The need for bone marrow transplant also known as stem cell transplant is growing day by day. Every year around 5,000 people in America undergo this surgery. It is a type of surgery which involves the replacement of damaged or infected bone marrow with the healthy one.
In order to have a successful surgery, the patient’s bone marrow is removed completely as well as its immune system by the help of chemotherapy and radiation. The healthy cells of a donor are administered into the blood via a vein (intravenously). This allows the cells to grow.
Bone marrow transplant is used to treat several health conditions like multiple myeloma, leukemia, nonmalignant disorders like sickle cell anemia, and lymphomas.
Like other organ transplants, a bone marrow transplant is based on finding a donor who has matched human leukocyte antigens (HLA) with the patient.
Dr. Ernesto Ayala, a hematologist of Mayo Clinic and an associated member of Bone marrow Transplant Program says that “HLA stands for human leukocyte antigens, which are proteins or markers on the surface of the cells.”The body’s immune system uses these markers to recognize which cells belong in your body and which do not.”
“We want the donor to be HLA identical with the patient or as close as possible. This is critical for the success of the transplant.”
Dr. Ayala explains that their first preference for a donor is the patient’s family. “On average, we will find a donor in the patient’s family only 20% to 25% of the time. And then there are patients who do not have siblings or children. The next best option is to go to the registry for a match.”
‘Be The Match’ is an organization which is running for 30 years helping bone marrow transplant patients to match with their donors. It is helping people internationally. One of the partners of Be The Match is the Mayo Clinic in the U.S.
There are around 12 million bone marrow donors in the U.S. Still Dr. Ayala is eager to support and grow the international bone marrow donors and related organizations as he says that finding a matched donor is not a piece of cake.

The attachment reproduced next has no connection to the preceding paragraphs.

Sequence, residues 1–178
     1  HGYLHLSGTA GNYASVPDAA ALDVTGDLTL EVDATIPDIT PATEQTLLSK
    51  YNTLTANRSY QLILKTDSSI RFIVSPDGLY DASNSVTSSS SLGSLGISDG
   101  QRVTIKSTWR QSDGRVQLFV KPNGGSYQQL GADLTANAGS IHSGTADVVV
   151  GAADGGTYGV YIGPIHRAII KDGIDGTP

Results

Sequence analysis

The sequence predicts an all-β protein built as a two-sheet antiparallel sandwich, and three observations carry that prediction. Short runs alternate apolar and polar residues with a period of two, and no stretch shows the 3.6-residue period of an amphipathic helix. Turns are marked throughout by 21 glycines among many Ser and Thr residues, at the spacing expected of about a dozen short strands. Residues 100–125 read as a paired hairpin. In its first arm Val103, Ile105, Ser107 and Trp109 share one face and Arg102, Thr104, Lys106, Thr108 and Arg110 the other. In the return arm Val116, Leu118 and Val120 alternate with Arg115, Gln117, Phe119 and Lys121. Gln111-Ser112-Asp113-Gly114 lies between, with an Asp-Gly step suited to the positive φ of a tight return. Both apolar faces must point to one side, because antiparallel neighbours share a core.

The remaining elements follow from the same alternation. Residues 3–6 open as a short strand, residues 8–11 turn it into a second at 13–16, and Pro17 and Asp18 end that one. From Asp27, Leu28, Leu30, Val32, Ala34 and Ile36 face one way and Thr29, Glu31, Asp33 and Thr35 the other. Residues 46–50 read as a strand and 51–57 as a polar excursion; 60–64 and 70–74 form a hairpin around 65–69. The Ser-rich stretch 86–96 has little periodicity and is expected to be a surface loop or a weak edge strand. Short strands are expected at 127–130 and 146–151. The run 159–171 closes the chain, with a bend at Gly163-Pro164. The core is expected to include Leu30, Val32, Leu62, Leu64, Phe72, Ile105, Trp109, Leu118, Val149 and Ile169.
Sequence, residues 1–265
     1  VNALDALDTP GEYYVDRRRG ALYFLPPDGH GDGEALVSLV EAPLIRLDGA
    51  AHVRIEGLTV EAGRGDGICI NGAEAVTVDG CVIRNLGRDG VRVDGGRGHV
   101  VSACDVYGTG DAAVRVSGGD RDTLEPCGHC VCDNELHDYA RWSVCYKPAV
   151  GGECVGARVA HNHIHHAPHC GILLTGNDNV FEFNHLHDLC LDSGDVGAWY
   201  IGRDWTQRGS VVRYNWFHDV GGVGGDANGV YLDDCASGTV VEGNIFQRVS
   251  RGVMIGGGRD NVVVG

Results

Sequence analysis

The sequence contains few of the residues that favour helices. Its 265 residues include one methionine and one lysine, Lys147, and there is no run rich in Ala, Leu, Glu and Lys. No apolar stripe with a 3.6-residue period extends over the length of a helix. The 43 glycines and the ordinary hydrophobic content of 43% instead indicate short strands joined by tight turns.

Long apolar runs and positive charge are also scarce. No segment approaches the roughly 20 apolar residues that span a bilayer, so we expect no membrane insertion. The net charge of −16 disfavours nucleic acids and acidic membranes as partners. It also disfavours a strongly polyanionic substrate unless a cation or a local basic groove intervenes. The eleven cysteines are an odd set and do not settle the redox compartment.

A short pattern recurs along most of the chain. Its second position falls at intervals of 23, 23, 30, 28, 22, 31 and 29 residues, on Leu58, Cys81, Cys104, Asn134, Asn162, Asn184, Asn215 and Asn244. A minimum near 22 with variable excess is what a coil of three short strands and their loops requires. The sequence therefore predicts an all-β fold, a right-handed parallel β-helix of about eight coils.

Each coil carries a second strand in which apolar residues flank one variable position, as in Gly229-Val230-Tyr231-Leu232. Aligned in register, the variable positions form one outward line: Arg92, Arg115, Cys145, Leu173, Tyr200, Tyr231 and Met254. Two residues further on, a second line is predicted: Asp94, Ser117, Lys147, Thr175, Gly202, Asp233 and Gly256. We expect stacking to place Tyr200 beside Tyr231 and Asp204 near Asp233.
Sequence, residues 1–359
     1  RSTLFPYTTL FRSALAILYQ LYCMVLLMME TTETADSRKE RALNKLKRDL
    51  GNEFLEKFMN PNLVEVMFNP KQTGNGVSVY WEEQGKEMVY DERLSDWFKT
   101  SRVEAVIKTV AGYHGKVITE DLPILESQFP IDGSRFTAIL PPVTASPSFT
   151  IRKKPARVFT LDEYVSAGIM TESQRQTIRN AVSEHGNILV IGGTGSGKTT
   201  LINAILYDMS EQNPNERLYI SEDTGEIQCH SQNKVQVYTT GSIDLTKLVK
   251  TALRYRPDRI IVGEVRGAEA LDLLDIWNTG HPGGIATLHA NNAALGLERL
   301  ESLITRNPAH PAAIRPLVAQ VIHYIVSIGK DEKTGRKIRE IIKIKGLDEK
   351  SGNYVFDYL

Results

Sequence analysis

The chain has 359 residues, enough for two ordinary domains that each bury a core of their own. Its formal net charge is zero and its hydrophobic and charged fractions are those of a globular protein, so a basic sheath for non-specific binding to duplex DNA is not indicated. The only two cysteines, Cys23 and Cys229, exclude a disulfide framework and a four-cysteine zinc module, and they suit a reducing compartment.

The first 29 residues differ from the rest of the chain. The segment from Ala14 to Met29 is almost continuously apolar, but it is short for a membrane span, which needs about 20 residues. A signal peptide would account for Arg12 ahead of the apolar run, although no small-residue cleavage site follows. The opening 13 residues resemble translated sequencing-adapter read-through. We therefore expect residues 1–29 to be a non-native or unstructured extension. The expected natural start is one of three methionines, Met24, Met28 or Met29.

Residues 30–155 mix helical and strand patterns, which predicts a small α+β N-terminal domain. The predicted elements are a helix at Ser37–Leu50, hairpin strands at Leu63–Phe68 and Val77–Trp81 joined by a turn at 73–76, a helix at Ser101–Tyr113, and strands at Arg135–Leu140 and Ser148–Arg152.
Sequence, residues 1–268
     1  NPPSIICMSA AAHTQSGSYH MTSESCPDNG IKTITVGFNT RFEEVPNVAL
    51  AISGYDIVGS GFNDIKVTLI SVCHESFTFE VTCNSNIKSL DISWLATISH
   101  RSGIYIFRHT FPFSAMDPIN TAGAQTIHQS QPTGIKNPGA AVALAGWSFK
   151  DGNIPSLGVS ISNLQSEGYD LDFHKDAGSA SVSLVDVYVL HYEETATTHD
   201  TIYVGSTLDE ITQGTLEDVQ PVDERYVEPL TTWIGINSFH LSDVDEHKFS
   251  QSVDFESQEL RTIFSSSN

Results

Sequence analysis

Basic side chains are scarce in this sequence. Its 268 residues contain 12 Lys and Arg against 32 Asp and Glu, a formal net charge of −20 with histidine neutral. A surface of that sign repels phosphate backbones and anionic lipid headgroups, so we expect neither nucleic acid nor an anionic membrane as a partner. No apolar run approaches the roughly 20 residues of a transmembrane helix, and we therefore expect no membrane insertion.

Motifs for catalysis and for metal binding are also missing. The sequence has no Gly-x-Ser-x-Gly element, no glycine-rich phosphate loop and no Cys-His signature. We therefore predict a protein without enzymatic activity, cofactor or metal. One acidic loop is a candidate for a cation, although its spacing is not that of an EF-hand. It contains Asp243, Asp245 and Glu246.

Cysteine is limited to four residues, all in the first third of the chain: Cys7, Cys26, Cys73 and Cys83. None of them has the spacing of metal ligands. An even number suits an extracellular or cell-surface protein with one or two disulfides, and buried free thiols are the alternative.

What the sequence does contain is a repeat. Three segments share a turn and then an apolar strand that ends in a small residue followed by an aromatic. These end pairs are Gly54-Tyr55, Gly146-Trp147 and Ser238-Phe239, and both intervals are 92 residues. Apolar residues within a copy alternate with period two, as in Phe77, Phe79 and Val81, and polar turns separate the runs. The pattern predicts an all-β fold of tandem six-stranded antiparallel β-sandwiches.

He further explains, “The biggest challenge we have in finding donors for patients needing bone marrow transplantation is ethnicity.”
“For a Caucasian American, the chance of finding an HLA-matched bone marrow donor through the international registry is around 75%. But if the patient belongs to an ethnic minority, let’s say, African American or Hispanic or Middle Eastern, then the chance of finding a donor in the registry drastically drops to less than 25%, meaning many of these patients may never receive a transplant.”
Dr. Ayala encourages people to start supporting the patients by explaining that in order “to become a bone marrow donor, you go bethematch.com; provide some demographic information, such as your age, gender, and location; and request a kit. When you receive the kit, you swab your cheek, put it back in the envelope, seal it and send it. That’s it.”
If someone HLA gets matched to a patient, the organization will immediately contact that person. “They will say, ‘We need you.’ And then they will set up a time for you to come to a transplant center such as Mayo Clinic. You’ll have a medical evaluation—reviewing your medical history, physical, some blood tests—just to make sure you are a healthy donor, and then you will be cleared for the donation.”
If the patient’s doctor goes for the bone marrow taken out from the pelvis, the patient will stay overnight and will be operated under anesthesia. However, if the doctor chose peripheral blood stem cell graft, there won’t be any need for the patient to stay overnight.
In both cases the donors will recover their health back within 2 to 3 days. Dr. Ayala concludes it by saying, “I believe being a bone marrow donor is an act of generosity,” says Dr. Ayala. “The more donors we have in the registry, the more donors we will have for our patients, especially for ethnic minorities. The need remains critical.”